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4 Ways to Improve your Budget Forecasting Process

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Budget forecasting is a strategic and integral task within project management and control. At a high level, forecasting can be used to answer key questions like, “When will this project be complete, and how much will it cost?” This type of information is critical because without a well-calculated estimate of costs, a business may find itself without the cash necessary to complete a project or to pay workers.

 

Forecasting is also important for determining anticipated revenue because companies will want to know how much they stand to make before taking on a project. Additionally, an accurate forecast will provide insight into future cash flow, which is especially important in an industry where the funding for a new project may likely come from the revenue of a previous one. 

 

Creating a budget and financial forecast is no easy feat when there are always a number of variables that may impact a project—for example, weather conditions, change orders, or even a global pandemic causing shutdowns like we experienced this year.

 

So, what can you do to improve your budget forecasting? Consider these four tips:

1. Review Regularly & Update Accordingly

Anyone in the construction business will likely agree with the saying “the best laid plans often go awry” because no matter how carefully a project is planned, things can change and challenges may arise. It’s important to keep a pulse on a project’s status by revisiting forecasts regularly to determine whether or not the project is on-track. 

 

It’s also important to keep track of the initial forecasts and use them as a baseline for comparison, otherwise you won’t be able to effectively gauge project success and make the necessary updates to mitigate future losses.

 

When you create a budget forecast, it’s wise to set dates and calendar reminders to review the forecast and adjust the resource and budget allocations as necessary. Not only will this help gauge current status, it will help you create more precise future forecasts and reduce the likelihood of under- or overstating rates for future projects.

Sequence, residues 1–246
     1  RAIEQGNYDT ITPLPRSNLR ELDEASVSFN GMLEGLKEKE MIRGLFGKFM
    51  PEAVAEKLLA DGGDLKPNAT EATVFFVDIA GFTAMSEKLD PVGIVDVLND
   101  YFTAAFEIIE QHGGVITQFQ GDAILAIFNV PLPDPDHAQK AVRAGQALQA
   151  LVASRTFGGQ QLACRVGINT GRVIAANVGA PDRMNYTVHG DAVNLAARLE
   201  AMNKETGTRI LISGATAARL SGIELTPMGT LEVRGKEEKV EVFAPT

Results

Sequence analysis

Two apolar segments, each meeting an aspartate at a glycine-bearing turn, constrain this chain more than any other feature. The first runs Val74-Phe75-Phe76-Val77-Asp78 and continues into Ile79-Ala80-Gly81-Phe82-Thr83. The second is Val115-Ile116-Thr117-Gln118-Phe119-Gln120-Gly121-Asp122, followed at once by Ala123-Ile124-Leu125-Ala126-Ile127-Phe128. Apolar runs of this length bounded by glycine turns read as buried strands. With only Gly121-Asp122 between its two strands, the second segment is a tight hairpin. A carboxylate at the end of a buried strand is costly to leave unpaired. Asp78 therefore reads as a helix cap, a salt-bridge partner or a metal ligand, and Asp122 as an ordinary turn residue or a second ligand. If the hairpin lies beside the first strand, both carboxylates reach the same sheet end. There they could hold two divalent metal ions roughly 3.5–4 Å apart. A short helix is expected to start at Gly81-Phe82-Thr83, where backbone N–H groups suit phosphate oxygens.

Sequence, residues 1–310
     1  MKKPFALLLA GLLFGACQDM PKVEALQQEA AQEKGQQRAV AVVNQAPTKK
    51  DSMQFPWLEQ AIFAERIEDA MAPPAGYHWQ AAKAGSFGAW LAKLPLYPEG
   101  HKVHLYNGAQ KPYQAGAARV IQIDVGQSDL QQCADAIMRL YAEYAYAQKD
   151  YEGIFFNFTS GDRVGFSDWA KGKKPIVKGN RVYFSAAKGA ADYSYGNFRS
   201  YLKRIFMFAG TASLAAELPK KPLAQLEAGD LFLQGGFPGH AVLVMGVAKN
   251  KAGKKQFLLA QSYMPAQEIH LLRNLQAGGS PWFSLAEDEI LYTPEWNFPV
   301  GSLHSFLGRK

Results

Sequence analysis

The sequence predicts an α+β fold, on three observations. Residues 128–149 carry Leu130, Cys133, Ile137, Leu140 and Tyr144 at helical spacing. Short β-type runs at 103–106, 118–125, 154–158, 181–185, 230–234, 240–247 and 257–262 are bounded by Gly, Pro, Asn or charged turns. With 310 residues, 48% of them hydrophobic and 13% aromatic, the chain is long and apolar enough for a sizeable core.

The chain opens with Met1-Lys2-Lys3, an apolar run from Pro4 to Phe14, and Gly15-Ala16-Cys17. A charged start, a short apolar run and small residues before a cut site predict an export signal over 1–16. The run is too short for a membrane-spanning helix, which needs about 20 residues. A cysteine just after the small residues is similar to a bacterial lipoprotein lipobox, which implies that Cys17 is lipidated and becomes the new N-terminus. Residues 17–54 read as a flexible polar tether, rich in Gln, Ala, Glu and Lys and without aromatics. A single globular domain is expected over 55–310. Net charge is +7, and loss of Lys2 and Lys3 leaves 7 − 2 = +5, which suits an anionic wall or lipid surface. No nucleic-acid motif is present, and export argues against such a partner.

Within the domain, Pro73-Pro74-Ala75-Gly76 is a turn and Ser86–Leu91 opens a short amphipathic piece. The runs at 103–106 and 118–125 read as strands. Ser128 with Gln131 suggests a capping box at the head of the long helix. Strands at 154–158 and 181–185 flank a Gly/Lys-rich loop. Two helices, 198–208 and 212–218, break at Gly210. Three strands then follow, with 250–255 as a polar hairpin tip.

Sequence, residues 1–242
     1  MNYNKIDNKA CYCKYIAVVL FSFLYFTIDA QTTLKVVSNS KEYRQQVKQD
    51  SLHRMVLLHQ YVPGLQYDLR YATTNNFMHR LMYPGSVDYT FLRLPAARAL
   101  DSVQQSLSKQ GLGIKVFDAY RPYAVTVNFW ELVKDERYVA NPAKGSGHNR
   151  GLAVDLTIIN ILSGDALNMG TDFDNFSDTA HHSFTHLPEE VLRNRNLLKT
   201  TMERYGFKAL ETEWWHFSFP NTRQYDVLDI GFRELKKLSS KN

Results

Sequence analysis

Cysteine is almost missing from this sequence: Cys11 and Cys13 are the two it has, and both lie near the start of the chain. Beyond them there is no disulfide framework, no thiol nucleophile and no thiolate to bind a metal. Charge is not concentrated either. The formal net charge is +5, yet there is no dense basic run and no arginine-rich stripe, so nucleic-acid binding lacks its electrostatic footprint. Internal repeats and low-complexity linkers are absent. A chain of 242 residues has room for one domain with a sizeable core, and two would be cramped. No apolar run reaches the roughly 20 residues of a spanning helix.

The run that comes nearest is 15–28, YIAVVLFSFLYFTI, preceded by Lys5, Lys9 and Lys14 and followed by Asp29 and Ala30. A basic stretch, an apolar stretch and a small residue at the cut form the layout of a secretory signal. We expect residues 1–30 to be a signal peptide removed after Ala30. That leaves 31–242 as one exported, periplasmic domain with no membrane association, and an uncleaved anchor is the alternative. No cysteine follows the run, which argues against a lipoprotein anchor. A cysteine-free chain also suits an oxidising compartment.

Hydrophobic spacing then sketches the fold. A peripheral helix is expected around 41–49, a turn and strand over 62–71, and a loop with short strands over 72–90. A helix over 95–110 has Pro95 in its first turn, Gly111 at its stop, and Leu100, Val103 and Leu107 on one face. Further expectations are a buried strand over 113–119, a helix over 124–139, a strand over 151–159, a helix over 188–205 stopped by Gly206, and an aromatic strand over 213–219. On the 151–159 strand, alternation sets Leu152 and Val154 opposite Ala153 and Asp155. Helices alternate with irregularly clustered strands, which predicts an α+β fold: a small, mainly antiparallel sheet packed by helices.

2. Factor in Direct & Indirect Costs

Project managers reviewing construction project plans

When you’re creating your budget forecast, it’s imperative to include both direct and indirect costs. Investopedia defines direct costs as “costs related to producing a good or service. A direct cost includes raw materials, labor, and expense or distribution costs associated with producing a product. The cost can easily be traced to a product, department, or project”, whereas indirect costs “are expenses unrelated to producing a good or service. An indirect cost cannot be easily traced to a product, department, activity, or project.”

 

Three common types of indirect costs are overhead costs (e.g., office equipment and supplies, insurance, salaries), equipment costs (e.g., depreciation, repairs and maintenance) and labor burdens (e.g., FICA taxes, Workers Compensation). Indirect costs can be difficult to calculate, but they need to be accounted for in a budget otherwise your forecasts will be inaccurate.

3. Use Hindsight of Historical Data 

As the saying goes, “hindsight is 20/20.” Use your company’s historical data to your advantage and to feed the precision of foresight. Reviewing historical data will help you identify previous pitfalls and to predict trends that are likely to happen again, all of which will help you plan better for the future to create more accurate budgets and forecasts. 

4.Utilize an All-in-One Software Solution

With so many factors and moving parts dependent on one another, it can be easy for project details to slip through the cracks. Adding to this, many construction companies are using multiple disjointed systems for their project management and accounting needs. Not only does this create bottlenecks in processes and waste valuable time, a disconnect between accounting and job costing means the data is unreliable and can’t be used to accurately gauge success or view up-to-date financial information. 

 

One of the easiest and most successful ways to improve your forecasting is to utilize an all-in-one cloud-based solution that allows you to access the information you need, wherever and whenever you need it. Premier Construction Software offers the most powerful construction software solution on the market to ensure you can effectively monitor and manage two of the most important functions—job costing and accounting. 

 

Our software brings the key business data together into a single platform, with seamless integration between all modules, and a single source of truth for reporting. Up-to-date financial reports are ready to go at any time, and can be tailored to your requirements. Premier also offers the ability to lock-in forecasts to ensure project managers are held accountable for their monthly forecasting. 

Final Thoughts

The power and usefulness of a forecast hinges on its accuracy—forecasting in and of itself isn’t enough to guide critical business decisions. Investing the time and resources required to improve your forecasting will contribute to more exact budgets which, in turn, will optimize cash flow and boost revenue. 

 

To learn more about Premier Construction Software’s forecasting capabilities, click here to schedule a personalized product tour.

 

 

Author Biography:

Kathryn Dressler is a content strategist with more than 10 years of experience across the spectrum of marketing services, including blogging, social media, public relations, copywriting and editorial services.

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